Black Like You: Blackface, Whiteface, Insult & Imitation In American Popular Culture/Cross The Water Blues: African American Music In Europe/I Got Thunder: Black Women Songwriters And Their Craft
One thing I’ll always admire Boy George for was his statement that he hated white people. True, it was just aimed to shock tabloid readers, but his explanation was that white was the absence of color, and without color, life was dull. Of course, he himself was Caucasian and British, but there’s no denying that one of his vocal models was a black American, Smokey Robinson. That a cross-dressing entertainer of Irish descent saw that as a perfectly logical choice — as did his audience — is just another example of how pervasive black American music is in global culture.
And it is just the sort of thing that John Strausbaugh seeks to explicate in Black Like You, a rambling, sometimes confusing, always entertaining, and occasionally frustrating examination of the ways black and white cultural touchstones have mixed it up from the days of the earliest minstrel shows to the era of gangsta rap. It’s doubtful Strausbaugh’s book will find much traction in the cultural studies departments of our major universities, but that’s just saying that it’s compulsively readable — and he’s definitely done his homework.
He also attempts to cover so much ground that the book is necessarily superficial, but there’s really nothing wrong with that; those of us who’ve spent a long time thinking about these matters had to start somewhere, and I wish I’d had something a little less tainted with identity politics and rhetoric to look at 30-odd years ago. Music, film, literature, advertising, language, and the weird world of “Negrobilia” (collecting racially-charged antiques) are all here, all dealt with in a calm, even manner. You’ll come out of this book considerably better-informed than you went into it, most likely.
You’ll also be confused. Not only are the issues not exactly, um, black and white, but Strausbaugh has denied us a summing-up. Instead, he’s turned over the “afterword” to Darius James, a black American resident of Berlin who’s written on several of the same themes Strausbaugh has. His account of a reading by Greil Marcus in Berlin (which contains, weirdly enough, a plug for my blog) touches on some of the issues Strausbaugh’s raised, but may well cause you to close Black Like You with a resounding “Huh?”
Better “Huh?” than ho-hum. You know you’re going to get a modicum of that when you pick up a collection of academic essays on a pop culture theme, and I wondered how you could fill a book like Cross The Water Blues with enough material to fatten it up. “African American music In Europe” seems like a broad topic until you really think about it, and sure enough, this book is all over the place. Low points include Guido Van Rijn’s “Lowland Blues: The Reception Of African American Blues And Gospel Music In The Netherlands,” which is basically a list of concerts; Rupert Till’s “The Blues Blueprint: The Blues In The Music Of The Beatles, The Rolling Stones, And Led Zeppelin,” which certainly won’t tell any fan anything new; and Christopher G. Bakriges’ “Cultural Displacement, Cultural Creation: African American Jazz Musicians In Europe From Bechet To Braxton,” a dull, theory-heavy essay which basically says some jazz musicians found Europe a good place to work, hardly a groundbreaking observation.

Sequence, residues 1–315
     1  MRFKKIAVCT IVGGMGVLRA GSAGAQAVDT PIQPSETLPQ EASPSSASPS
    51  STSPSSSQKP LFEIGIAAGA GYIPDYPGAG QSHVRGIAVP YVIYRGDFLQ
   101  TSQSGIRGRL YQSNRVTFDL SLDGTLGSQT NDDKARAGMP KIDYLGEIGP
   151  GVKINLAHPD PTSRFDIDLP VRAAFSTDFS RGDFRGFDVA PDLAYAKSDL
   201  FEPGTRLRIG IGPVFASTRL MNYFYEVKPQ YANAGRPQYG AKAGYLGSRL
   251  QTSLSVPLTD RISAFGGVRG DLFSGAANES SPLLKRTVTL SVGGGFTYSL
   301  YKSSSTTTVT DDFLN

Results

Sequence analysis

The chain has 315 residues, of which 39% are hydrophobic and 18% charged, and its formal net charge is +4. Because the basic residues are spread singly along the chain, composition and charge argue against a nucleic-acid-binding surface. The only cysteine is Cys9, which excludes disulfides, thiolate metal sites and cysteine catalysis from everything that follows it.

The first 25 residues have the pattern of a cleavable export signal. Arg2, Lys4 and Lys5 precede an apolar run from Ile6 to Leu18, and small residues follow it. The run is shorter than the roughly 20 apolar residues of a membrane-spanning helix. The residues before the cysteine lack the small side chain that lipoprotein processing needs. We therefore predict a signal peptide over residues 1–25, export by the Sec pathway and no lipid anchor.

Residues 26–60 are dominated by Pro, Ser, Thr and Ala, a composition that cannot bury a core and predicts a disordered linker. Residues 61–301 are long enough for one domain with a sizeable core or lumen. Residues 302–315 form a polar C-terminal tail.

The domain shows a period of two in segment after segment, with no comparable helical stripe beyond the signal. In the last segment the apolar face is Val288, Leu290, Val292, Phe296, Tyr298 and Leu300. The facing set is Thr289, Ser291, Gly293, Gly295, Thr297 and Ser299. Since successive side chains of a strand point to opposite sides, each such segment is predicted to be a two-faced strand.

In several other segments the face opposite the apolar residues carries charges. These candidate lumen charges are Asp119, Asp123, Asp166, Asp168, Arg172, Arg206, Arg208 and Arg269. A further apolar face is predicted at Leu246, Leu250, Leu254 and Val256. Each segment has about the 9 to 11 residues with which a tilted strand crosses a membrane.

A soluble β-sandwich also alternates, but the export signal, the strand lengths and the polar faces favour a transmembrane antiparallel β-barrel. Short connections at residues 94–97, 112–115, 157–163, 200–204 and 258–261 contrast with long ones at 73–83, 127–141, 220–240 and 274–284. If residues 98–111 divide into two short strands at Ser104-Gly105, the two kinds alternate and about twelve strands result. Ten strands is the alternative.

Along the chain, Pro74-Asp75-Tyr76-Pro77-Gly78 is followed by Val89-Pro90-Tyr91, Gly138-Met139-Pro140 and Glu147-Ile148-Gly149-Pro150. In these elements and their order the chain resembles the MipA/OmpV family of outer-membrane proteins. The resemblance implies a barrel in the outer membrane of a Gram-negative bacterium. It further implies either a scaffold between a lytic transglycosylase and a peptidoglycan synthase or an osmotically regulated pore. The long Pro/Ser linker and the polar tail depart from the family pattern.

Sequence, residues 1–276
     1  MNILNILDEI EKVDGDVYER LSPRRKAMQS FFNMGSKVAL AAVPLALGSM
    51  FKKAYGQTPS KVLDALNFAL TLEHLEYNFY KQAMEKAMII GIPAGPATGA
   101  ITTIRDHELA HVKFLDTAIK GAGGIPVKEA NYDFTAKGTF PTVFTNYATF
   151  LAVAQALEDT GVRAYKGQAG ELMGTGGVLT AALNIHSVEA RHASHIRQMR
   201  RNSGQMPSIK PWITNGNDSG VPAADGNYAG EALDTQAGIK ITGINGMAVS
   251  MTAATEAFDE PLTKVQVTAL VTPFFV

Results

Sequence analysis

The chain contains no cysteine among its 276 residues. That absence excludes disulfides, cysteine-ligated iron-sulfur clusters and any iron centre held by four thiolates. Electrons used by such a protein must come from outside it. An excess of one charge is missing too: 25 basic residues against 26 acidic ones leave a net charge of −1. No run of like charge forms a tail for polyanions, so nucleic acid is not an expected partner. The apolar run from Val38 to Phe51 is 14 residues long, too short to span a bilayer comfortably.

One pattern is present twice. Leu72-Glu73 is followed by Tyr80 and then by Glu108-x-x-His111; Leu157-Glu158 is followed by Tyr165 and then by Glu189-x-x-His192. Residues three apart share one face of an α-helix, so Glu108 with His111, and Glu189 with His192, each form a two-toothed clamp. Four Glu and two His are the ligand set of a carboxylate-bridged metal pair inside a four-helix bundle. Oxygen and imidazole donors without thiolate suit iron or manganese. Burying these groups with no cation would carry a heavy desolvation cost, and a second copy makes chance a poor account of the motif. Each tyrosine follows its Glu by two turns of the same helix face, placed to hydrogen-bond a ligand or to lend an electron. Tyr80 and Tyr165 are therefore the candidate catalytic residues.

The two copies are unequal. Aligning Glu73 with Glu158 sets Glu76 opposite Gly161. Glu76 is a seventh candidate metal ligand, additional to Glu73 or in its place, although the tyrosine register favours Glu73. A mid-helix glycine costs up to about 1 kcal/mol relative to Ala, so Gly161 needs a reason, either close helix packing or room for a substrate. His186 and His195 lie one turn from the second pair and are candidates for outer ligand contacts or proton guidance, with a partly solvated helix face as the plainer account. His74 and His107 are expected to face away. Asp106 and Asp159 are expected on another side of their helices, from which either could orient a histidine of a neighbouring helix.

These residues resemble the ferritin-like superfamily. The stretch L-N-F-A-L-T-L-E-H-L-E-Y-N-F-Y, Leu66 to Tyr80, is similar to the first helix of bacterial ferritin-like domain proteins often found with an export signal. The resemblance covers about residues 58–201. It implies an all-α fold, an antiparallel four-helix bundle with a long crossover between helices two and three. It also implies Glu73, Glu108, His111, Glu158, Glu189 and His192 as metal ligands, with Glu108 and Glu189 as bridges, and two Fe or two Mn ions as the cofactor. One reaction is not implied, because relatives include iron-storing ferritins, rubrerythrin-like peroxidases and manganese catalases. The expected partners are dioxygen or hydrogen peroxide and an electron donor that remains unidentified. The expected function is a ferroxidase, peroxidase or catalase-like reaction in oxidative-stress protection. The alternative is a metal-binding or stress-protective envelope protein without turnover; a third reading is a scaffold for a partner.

But there’s also some good stuff here, particularly the essays that pick up on the aftermath of the Fisk Jubilee Singers’ pioneering 1873 British journey to raise money for their college in Tennessee. It’s worth remembering that, in the days before recorded sound, the merest hint of a blue note (and from the late recorded evidence, it was mere, indeed) could cause quite an outpouring of vituperation and praise, albeit praise based in amazement that such lowly beings could produce anything of interest. Their success prompted other gospel groups (often “representing” nonexistent colleges), coon singers, banjo players, tap dancers and the like to try their luck, as documented in Jeffrey Green’s “Spirituals To (Nearly) Swing, 1873-1938.”
Most fascinating, though, is memorabilia collector Rainer E. Lotz’s “Black Music Prior To The First World War: American Origins And German Perspectives,” which uses the author’s collection of flyers, photographs and music-box discs to attempt to figure out just what these people were selling in Europe, particularly in Germany. All in all, the wheat outweighs the chaff, no mean achievement.
Finally, there’s Sarah Lawrence professor LaShonda Katrice Barnett, Ph.D., to show us that the old ways aren’t quite dead after all. This collection of twenty transcriptions of interviews with everyone from Abbey Lincoln to Joan Armatrading is, its academic gloss notwithstanding, a pretty humdrum affair. The success of any given chapter is likely to hinge on the subject’s reaction to Barnett and her willingness to engage in girl-talk. Armatrading, for instance, had apparently just finished her Into The Blues album and was in meet-the-press mode. You won’t find much beyond that, although heaven knows Barnett tried. On the other hand, Chaka Khan and Nona Hendrix were in fine fettle, and Shirley Caesar was, as always, preaching with everything turned up to ten.
If there’s a problem here, it’s that there are too many unknowns or nonentities among the subjects: Tokunbo Akinto, Narissa Bond and Pamela Means among the former, and Patti Cathcart Andress (of Tuck & Patti) and Dionne Warwick (who’s not a songwriter and seems quite spaced out) among the latter. Barnett also stumbles a couple of times, unable to pierce Nina Simone’s defensive armor or engage with Miriam Makeba.